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Preparing User Interface for Localization

Not only must content that appears in the user interface (UI) be localized, but also the UI itself must be capable of displaying the content for each localization instance. Here are some considerations:

  • Size the UI to accommodate the largest localized version of the content.
  • Do not mingle strings with controls, such as placing a text box in the middle of a sentence. Doing so would require the localization vendor to modify the UI to accommodate grammatical differences that cause sentence structures to change.
  • Avoid hiding or overlapping UI controls with other UI controls. Some localization tools are not able to display each state of the UI to identify conflicts with displaying localized controls. Also, adjusting the layout of layered controls is more difficult than adjusting the layout of controls that are not layered.
  • Avoid placing button text in a string variable. Doing so might prevent the localization vendor from localizing the string in the appropriate context because they will not be aware of which button the string appears on at run time. Instead, place button text in a property for the button.
  • Avoid culture-specific images. A common example of this mistake from earlier UIs is the use of the rural mailbox found in the United States as an icon for mail. This type of mailbox is unfamiliar to some cultures outside of the United States.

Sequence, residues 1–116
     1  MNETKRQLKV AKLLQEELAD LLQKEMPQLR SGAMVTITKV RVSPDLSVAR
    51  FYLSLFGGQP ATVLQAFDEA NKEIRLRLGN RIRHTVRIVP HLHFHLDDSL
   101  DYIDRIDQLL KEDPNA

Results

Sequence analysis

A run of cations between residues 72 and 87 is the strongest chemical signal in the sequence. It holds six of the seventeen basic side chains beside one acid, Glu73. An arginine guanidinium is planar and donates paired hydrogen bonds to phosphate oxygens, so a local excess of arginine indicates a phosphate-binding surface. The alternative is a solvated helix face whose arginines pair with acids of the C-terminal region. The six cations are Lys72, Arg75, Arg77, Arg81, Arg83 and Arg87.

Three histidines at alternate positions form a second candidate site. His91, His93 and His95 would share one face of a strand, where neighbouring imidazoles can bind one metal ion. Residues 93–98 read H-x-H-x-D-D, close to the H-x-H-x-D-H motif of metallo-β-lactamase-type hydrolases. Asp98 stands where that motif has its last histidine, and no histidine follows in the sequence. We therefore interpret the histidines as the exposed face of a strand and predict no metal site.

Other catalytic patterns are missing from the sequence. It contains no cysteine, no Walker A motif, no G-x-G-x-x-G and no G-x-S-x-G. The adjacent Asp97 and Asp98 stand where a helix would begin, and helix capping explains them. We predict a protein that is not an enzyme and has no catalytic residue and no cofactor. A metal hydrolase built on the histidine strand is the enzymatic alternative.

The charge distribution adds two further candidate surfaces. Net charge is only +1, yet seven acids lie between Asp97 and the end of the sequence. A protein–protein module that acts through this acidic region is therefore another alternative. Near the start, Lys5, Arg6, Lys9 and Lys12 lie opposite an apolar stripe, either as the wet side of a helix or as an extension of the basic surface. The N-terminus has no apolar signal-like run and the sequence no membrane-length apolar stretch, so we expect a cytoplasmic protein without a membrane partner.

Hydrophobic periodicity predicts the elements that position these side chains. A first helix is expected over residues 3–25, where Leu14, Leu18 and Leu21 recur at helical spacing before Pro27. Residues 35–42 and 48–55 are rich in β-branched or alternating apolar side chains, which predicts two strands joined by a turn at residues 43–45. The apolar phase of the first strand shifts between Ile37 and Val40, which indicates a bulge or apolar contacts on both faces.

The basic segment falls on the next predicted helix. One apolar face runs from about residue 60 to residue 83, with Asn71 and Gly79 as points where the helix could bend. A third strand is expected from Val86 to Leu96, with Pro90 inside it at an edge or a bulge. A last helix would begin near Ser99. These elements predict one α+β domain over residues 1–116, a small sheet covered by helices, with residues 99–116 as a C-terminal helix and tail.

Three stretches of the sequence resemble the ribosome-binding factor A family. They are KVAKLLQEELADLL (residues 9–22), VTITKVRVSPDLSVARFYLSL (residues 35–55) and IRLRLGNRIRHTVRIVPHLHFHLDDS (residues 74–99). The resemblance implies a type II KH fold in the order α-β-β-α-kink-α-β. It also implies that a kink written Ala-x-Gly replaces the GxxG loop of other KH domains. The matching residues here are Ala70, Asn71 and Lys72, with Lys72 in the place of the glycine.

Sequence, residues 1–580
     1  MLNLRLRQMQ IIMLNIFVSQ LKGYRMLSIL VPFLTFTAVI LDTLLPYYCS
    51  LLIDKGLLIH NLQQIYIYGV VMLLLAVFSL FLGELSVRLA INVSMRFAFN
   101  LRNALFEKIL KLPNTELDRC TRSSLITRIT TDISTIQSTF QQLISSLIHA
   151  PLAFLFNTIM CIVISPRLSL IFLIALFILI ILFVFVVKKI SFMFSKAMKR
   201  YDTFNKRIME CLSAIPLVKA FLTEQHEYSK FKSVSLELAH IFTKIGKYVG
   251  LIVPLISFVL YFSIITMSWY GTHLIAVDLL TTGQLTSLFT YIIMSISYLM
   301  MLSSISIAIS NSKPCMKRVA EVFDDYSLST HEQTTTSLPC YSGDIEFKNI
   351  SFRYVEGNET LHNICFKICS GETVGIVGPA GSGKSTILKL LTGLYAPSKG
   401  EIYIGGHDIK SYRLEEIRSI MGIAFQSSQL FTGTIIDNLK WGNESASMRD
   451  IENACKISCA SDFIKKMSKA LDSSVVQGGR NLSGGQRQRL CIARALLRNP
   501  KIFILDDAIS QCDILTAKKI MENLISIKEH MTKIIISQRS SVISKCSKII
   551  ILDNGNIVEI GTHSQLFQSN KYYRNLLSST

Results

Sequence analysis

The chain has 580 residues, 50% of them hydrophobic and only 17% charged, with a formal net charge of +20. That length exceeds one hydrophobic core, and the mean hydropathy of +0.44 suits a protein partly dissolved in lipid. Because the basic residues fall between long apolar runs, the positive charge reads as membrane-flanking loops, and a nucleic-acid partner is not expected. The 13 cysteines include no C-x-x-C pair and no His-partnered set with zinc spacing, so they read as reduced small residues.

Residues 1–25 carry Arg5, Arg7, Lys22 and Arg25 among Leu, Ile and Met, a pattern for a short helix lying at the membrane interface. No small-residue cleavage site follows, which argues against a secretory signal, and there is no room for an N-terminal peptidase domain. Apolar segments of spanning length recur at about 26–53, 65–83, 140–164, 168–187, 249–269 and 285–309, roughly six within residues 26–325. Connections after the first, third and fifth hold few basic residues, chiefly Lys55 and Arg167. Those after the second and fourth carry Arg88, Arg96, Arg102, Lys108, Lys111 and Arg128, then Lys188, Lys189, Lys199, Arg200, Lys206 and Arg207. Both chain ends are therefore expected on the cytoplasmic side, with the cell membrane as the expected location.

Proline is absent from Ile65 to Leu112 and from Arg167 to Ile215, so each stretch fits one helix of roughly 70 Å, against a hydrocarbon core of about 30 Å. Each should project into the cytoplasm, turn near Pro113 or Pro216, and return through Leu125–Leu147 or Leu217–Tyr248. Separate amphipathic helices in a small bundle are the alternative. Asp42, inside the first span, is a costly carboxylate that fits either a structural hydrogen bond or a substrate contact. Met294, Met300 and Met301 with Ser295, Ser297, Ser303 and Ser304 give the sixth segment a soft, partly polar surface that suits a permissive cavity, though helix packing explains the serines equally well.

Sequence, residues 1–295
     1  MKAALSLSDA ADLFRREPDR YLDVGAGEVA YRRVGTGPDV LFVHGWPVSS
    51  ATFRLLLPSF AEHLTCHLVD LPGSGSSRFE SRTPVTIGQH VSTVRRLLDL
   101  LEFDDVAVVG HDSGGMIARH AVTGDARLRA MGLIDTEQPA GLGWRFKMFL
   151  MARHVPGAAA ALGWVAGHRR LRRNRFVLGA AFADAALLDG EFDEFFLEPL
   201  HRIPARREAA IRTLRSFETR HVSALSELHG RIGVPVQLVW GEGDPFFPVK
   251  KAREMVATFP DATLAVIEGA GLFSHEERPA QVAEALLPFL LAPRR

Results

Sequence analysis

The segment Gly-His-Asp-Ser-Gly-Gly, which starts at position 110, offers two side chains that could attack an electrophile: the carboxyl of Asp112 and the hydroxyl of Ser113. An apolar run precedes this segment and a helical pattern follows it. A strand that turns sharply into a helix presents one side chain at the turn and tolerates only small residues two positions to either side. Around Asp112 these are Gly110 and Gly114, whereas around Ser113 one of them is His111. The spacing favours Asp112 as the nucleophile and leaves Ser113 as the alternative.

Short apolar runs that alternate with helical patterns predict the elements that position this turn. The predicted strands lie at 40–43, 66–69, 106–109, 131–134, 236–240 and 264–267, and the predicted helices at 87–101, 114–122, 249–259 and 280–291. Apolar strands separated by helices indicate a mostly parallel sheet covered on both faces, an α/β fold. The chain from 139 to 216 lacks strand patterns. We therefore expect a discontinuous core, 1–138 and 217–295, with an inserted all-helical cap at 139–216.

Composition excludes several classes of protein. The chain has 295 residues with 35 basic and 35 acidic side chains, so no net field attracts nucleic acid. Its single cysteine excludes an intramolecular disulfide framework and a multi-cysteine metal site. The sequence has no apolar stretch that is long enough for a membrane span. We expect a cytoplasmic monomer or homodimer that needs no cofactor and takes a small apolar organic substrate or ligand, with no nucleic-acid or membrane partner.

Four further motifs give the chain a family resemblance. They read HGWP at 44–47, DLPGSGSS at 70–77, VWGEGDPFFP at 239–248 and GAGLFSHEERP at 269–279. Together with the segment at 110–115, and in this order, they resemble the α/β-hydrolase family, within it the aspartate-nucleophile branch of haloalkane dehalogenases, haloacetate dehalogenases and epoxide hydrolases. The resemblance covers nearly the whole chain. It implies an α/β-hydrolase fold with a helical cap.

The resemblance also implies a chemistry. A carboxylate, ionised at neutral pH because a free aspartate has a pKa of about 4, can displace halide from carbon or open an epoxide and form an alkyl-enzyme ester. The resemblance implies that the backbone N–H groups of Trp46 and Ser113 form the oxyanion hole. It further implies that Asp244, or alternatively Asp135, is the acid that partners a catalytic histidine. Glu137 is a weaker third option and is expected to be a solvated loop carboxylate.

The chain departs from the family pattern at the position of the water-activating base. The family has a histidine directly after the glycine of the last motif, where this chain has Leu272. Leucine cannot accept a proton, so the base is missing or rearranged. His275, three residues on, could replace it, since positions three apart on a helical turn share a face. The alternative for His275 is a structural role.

• Avoid showing flesh, body parts, or gestures. Exposure of some body parts in one culture might not be acceptable in another. Also, using hand gestures can present problems since an innocent hand gesture in one culture can have an offensive interpretation in another.
  • Beware of gender-specific roles and stereotypes in other cultures. The roles for men and women vary across cultures. Also, the portrayed ethnicity or race of an individual can also present problems. If displaying a graphic showing people, it is safer to use one that does not indicate a particular sex, race, or ethnicity.
  • Avoid religious preferences. As with race and ethnicity, be very cautious about employing the use of religious symbolism. Some symbols can be innocuous in some cultures and sacrilegious in others.
  • Avoid political symbols. In some markets, your application might first require government approval. Avoid graphics such as flags or currency and exercise caution when including maps that include disputed political boundaries or contentious location names.
  • Avoid text in graphics. Graphics that include embedded text are expensive and timely to localize, as they generally require the localization vendor to manually edit the graphic.